I have a Bodum Bistro grinder that I bought used a couple of months ago, and have been fairly impressed with. It started making a horrible gear-grinding noise today, after getting a very small, very hard bean stuck in the burrs. Being physiologically incapable of doing otherwise, I tore it down to see what had happened.

I was shocked to see that the (delrin? nylon?) gears actually aren't all chewed up at all. They were just choked with dirty, messy, nasty, oily grinds, presumably keeping the motor shaft from engaging properly. I ran the gearbox through the dishwasher to clean it all out, and I think there's hope that this thing will work again when I put it back together.

But I just had a horrible thought: The gearbox isn't sealed. Maybe the mess in the gearbox was a combination of grinds and grease.

Thoughts please: should I be packing the gears with silicon grease before I put it all back together?

Update: What I did

I used white lithium grease, after applying foil tape to seal openings between the coffee area and the gearbox area, figuring that there would be a very low likelihood of the grease aerosolizing and getting into the coffee area.

Reassembly was a bear, though. I ended up hardwiring past the rocker switch.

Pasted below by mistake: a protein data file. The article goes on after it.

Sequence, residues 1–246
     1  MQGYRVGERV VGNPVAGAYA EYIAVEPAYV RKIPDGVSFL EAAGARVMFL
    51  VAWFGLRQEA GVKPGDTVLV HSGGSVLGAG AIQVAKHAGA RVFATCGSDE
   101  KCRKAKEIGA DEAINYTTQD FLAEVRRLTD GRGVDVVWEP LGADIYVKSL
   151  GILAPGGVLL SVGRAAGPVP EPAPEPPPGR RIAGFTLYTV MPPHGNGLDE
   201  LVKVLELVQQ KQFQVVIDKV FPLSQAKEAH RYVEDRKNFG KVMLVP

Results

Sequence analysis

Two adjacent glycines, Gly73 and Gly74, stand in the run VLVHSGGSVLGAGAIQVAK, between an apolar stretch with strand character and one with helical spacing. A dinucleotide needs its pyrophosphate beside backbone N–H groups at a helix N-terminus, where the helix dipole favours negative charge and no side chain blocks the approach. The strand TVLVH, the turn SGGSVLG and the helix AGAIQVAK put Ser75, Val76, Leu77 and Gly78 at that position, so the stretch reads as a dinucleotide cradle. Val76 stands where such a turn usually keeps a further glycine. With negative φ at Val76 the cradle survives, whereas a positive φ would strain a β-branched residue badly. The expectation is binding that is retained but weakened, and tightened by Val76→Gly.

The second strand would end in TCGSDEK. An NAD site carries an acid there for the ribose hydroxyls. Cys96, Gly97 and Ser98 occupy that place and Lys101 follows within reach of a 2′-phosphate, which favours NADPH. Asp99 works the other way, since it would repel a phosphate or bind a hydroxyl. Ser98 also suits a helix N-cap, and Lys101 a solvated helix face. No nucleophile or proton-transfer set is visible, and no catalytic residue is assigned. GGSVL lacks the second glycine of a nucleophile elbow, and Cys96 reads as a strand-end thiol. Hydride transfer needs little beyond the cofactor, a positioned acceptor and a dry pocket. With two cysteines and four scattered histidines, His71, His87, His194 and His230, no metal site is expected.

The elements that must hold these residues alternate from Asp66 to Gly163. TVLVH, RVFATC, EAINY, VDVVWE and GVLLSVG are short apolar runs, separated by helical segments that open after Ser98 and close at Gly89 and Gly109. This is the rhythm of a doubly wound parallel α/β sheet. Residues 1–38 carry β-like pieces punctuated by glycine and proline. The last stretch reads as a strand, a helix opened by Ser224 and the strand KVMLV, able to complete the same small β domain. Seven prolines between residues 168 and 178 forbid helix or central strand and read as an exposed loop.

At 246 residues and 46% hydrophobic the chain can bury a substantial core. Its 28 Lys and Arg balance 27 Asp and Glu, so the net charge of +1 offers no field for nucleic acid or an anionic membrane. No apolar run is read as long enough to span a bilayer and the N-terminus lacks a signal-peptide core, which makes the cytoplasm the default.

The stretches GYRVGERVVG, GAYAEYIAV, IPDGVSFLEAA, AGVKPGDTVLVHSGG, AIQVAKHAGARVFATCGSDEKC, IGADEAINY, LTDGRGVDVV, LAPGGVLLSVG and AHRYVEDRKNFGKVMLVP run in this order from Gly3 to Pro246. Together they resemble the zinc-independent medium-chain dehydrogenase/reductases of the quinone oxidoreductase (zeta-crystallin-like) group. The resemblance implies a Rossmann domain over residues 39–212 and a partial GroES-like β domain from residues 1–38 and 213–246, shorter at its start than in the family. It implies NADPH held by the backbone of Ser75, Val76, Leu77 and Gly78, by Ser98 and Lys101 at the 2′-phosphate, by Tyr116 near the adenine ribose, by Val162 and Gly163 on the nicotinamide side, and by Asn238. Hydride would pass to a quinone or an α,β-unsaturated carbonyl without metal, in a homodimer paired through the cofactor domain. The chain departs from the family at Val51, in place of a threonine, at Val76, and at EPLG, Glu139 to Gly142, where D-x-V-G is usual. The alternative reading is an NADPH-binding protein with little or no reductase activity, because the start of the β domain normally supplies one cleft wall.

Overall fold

2.5 Years Later:

It's been 2.5 years, and I have not tasted the grease, and the grinder is still running strong.

1 Answer 1


Yes, I assume the gearbox was originally lubricated to function properly somehow. I cannot believe the gears just rotate by their own.

And about the sealing. Such devices produced in bulk mostly do not care about proper sealing, no worries. Therefore, some parts may get in contact with your food.

Finally, about greasing... There are food-safe lubricants made out of vegetable oils for food machinery. These are generally aroma-free, so they won't affect the taste of your coffee. You can buy one of them and use. I don't link as you can easily search the net.

  • Yes, there is food-grade silicon grease available. But Delrin has very high lubricity, and does not require grease in low torque applications; it is not a given that the gearbox was pre-lubricated. The concern is that greasing a non-sealed gearbox will choke the gear teeth with a dense mixture of grounds and grease. If this happens, the gears will not fully engage, and will wear prematurely.
    – Autumn
    May 6, 2018 at 19:28
  • @DS Justice Couldn't you examine whether what you've found was the remainings of a lubricant or of the coffee itself?
    – MTSan
    May 6, 2018 at 20:06
  • No, I quite stupidly put it in the dishwasher before thinking about it. I thought I was just seeing disgustingly oily dark-roast grinds from the previous owner. It was only in retrospect that I realized that it might have been mixed with grease. In any case, this morning's project was to grease and seal the gearbox. We'll see how it goes.
    – Autumn
    May 6, 2018 at 21:07
  • @DS Justice I see. You know, the coffee grounds are quite greasy by themselves. Hard to distinguish. After all, please write back the results.
    – MTSan
    May 7, 2018 at 6:55

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